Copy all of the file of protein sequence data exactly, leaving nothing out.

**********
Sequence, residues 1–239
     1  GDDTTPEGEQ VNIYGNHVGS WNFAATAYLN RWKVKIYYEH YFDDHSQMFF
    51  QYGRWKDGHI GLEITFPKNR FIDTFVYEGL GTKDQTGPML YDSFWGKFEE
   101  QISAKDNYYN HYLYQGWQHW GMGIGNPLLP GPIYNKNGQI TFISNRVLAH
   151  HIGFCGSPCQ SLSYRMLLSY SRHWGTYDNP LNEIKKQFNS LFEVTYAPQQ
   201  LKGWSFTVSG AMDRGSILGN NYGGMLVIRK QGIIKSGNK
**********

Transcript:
Sequence, residues 1–239
     1  GDDTTPEGEQ VNIYGNHVGS WNFAATAYLN RWKVKIYYEH YFDDHSQMFF
    51  QYGRWKDGHI GLEITFPKNR FIDTFVYEGL GTKDQTGPML YDSFWGKFEE
   101  QISAKDNYYN HYLYQGWQHW GMGIGNPLLP GPIYNKNGQI TFISNRVLAH
   151  HIGFCGSPCQ SLSYRMLLSY SRHWGTYDNP LNEIKKQFNS LFEVTYAPQQ
   201  LKGWSFTVSG AMDRGSILGN NYGGMLVIRK QGIIKSGNK